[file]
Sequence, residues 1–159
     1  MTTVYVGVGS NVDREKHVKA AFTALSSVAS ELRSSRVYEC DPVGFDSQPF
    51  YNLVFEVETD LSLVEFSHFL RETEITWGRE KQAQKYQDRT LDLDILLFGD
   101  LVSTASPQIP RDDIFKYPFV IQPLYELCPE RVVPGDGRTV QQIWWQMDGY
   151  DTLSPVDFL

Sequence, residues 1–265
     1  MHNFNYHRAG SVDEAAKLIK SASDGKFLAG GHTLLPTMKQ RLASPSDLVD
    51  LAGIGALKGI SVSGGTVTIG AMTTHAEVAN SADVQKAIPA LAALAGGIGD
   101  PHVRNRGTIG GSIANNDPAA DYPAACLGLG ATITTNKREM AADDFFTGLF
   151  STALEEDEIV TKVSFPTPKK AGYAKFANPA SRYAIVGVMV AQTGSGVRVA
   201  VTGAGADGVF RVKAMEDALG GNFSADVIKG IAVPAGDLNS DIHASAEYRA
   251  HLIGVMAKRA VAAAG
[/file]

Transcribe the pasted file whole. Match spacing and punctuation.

Sequence, residues 1–159
     1  MTTVYVGVGS NVDREKHVKA AFTALSSVAS ELRSSRVYEC DPVGFDSQPF
    51  YNLVFEVETD LSLVEFSHFL RETEITWGRE KQAQKYQDRT LDLDILLFGD
   101  LVSTASPQIP RDDIFKYPFV IQPLYELCPE RVVPGDGRTV QQIWWQMDGY
   151  DTLSPVDFL

Sequence, residues 1–265
     1  MHNFNYHRAG SVDEAAKLIK SASDGKFLAG GHTLLPTMKQ RLASPSDLVD
    51  LAGIGALKGI SVSGGTVTIG AMTTHAEVAN SADVQKAIPA LAALAGGIGD
   101  PHVRNRGTIG GSIANNDPAA DYPAACLGLG ATITTNKREM AADDFFTGLF
   151  STALEEDEIV TKVSFPTPKK AGYAKFANPA SRYAIVGVMV AQTGSGVRVA
   201  VTGAGADGVF RVKAMEDALG GNFSADVIKG IAVPAGDLNS DIHASAEYRA
   251  HLIGVMAKRA VAAAG